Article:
The argument appeals to the fact that S would tell us to make ourselves believe that it is rational to keep our promises, even when we know that this will be worse for us. Call this belief B. B is incompatible with S,. My Slavery. You and I share a desert island. We are both transparent, and never self-denying. You now bring about one change in your dispositions, becoming a threat-fulfiller.
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And you have a bomb that could blow the island up. By regularly threatening to explode this bomb, you force me to toil on your behalf. The only limit on your power is that you must leave my life worth living. If my life became worse than that, it would cease to be better for me to give in to your threats.
How can I end my slavery? It would be no good killing you, since your bomb will automatically explode unless you regularly dial some secret number. But suppose that I could make myself transparently a threat-ignorer. Foolishly, you have not threatened that you would ignore this change in my dispositions. So this change would end my slavery.
Is my act rational? It is not. But what I am doing is not rational. It is irrational to ignore some threat …. If S told us to believe some other theory, this would not support this other theory. But would it be an objection to S?
S would not be failing in its own terms. S is a theory about practical not theoretical rationality. S may tell us to make ourselves have false beliefs. Suppose that S told everyone to cause himself to believe some other theory. S would then be self-effacing. If we all believed S, but could also change our beliefs, S would remove itself from the scene. Most of my claims could, with little change, cover one group of moral theories.
These are the different versions of Consequentialism, or C. To apply C, we must ask what makes outcomes better or worse. The simplest answer is given by Utilitarianism. This theory combines C with the following claim: the best outcome is the one that gives to people the greatest net sum of benefits minus burdens, or, on the Hedonistic version of this claim, the greatest net sum of happiness minus misery.
Consequentialism appeals to many different principles, it ceases to be a distinctive theory, since it can be made to cover all moral theories. This is a mistake. C appeals only to principles about what makes outcomes better or worse. I shall now describe a different way in which some theory T might be self-defeating. Call T indirectly collectively self-defeating when it is true that, if several people try to achieve their T-given aims, these aims will be worse achieved.
I have assumed that C is indirectly collectively self-defeating. I have assumed that, if we were all pure do-gooders, the outcome would be worse than it would be if we had certain other sets of motives. If this claim is true, C tells us that we should try to have one of these other sets of motives. I also believe that, even if we became convinced that Consequentialism was the best moral theory, most of us would not in fact become pure do-gooders.
It is worth distinguishing C from another form of Consequentialism. As stated so far, C is individualistic and concerned with actual effects. According to C, each of us should try to do what would make the outcome best, given what others will actually do.
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On this theory, each of us should try to have one of the sets of desires and dispositions which is such that, if everyone had one of these sets, this would make the outcome better than if everyone had other sets. CC does not differ from C only in its claims about our desires and dispositions. The two theories disagree about what we ought to do. Collective Consequentialism is much less demanding. It does not tell me to give the amount that would in fact make the outcome best.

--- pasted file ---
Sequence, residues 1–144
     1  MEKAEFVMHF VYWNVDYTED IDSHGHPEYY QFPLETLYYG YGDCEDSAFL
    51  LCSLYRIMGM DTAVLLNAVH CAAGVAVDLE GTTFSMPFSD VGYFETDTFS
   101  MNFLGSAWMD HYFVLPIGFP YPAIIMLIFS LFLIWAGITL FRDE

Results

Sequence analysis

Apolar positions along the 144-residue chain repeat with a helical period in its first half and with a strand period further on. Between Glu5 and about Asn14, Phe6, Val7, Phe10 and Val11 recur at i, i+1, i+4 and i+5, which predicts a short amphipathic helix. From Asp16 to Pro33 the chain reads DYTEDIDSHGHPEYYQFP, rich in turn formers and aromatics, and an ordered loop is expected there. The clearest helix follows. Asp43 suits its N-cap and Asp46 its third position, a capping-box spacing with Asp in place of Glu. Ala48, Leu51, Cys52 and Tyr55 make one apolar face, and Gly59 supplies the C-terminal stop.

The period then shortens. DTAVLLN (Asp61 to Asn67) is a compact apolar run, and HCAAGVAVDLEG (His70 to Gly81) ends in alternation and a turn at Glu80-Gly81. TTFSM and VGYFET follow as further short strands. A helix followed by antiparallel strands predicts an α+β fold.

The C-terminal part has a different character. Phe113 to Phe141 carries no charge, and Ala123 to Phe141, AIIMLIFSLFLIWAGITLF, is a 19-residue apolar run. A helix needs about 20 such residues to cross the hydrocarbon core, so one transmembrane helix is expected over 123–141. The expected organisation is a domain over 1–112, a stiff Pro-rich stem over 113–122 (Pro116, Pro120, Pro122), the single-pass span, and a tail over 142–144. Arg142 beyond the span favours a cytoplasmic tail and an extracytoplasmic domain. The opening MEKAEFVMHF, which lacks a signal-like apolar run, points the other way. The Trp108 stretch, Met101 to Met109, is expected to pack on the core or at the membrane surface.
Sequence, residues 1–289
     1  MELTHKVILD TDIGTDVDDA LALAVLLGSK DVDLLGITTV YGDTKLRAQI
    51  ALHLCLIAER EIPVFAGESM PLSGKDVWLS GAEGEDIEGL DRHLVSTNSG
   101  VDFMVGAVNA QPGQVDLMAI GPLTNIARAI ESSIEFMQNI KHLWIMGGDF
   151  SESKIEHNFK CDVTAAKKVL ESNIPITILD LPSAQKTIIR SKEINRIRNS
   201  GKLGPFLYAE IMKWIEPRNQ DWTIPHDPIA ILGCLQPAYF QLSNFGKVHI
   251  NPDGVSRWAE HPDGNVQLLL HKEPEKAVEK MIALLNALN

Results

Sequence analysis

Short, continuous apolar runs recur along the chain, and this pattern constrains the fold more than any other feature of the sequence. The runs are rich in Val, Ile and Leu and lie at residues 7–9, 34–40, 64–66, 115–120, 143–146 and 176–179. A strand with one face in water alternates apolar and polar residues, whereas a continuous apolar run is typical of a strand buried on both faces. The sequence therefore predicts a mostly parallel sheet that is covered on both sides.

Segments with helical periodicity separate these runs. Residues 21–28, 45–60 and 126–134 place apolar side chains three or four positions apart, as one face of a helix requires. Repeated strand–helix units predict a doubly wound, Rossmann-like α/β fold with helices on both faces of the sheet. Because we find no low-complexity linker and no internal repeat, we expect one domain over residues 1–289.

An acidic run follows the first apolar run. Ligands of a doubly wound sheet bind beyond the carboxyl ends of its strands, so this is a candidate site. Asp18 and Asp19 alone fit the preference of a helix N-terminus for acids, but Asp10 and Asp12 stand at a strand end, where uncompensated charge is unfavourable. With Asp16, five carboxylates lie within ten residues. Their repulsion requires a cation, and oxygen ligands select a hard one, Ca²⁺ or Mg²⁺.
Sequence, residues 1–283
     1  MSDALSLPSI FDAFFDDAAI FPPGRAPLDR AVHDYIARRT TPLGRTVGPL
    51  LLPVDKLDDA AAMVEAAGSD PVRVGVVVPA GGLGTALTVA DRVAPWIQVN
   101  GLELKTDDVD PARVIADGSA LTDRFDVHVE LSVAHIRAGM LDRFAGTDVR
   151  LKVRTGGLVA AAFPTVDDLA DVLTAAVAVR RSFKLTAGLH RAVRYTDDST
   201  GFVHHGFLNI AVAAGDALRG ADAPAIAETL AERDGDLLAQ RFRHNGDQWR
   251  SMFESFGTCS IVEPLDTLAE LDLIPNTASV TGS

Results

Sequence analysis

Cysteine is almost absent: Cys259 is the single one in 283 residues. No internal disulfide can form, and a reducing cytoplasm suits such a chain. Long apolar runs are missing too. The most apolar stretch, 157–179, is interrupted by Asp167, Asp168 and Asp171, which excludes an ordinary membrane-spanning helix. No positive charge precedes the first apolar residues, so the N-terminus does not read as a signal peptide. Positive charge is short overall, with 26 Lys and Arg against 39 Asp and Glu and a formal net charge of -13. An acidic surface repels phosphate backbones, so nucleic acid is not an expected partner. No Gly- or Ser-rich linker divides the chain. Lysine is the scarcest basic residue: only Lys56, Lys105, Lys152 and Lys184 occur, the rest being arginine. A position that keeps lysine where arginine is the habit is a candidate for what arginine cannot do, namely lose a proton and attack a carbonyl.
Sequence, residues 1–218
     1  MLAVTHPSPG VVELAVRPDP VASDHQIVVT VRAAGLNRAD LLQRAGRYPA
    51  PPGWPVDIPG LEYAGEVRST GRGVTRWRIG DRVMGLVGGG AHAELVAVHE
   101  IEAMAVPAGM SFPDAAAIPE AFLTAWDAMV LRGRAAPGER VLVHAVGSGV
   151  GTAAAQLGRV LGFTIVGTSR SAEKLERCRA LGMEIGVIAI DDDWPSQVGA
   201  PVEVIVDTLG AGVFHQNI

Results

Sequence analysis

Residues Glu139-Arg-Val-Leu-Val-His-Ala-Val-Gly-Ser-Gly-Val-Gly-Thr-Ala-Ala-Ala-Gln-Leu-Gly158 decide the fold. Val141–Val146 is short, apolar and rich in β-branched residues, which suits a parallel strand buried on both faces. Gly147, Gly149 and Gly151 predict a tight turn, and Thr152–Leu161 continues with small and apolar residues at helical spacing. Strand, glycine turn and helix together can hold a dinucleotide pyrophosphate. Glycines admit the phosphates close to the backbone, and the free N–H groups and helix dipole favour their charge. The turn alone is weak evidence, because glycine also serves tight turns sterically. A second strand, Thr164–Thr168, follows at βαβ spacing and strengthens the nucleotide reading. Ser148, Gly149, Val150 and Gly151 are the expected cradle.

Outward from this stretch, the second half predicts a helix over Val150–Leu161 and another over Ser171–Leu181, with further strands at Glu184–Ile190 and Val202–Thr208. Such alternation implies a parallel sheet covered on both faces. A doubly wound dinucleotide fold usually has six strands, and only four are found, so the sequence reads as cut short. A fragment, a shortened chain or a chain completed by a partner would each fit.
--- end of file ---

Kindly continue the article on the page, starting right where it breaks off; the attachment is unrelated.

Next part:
Case One. Clare could either give her child some benefit, or give much greater benefits to some unfortunate stranger. Because she loves her child, she benefits him rather than the stranger. If someone freely does what she believes to be wrong, she is usually open to serious moral criticism. Case Two. Because she loves her child, she saves him, and the strangers all die. My Moral Corruption.
Suppose that I have some public career that would be wrecked if I was involved in a scandal. I have an enemy, a criminal whom I exposed. This enemy, now released, wants revenge. Rather than simply injuring me, he decides to force me to corrupt myself, knowing that I shall think this worse than most injuries. He threatens that either he or some member of his gang will kill all my children, unless I act in some obscene way, that he will film.
If he later sent this film to some journalist, my career would be wrecked. He will thus be able later, by threatening to wreck my career, to cause me to choose to act wrongly. He will cause me to choose to help him commit various minor crimes. I ought to make myself disposed to help him commit his minor crimes.
And it would be wrong for me to cause myself to lose this disposition, since, if I do, my children will be killed. I shall now state together four similar mistakes. Some people claim that, if it is rational for me to cause myself to have some disposition, it cannot be irrational to act upon this disposition. A second claim is that, if it is rational for me to cause myself to believe that some act is rational, this act is rational.
This was shown to be false by the case that I called My Slavery. A third claim is that, if there is some disposition that I ought to cause myself to have, and that it would be wrong for me to cause myself to lose, it cannot be wrong for me to act upon this disposition. The case just given shows this to be false. China, the largest country in the world, has 1. Tuvalu, the smallest country with a seat at the United Nations, has less than 11, people.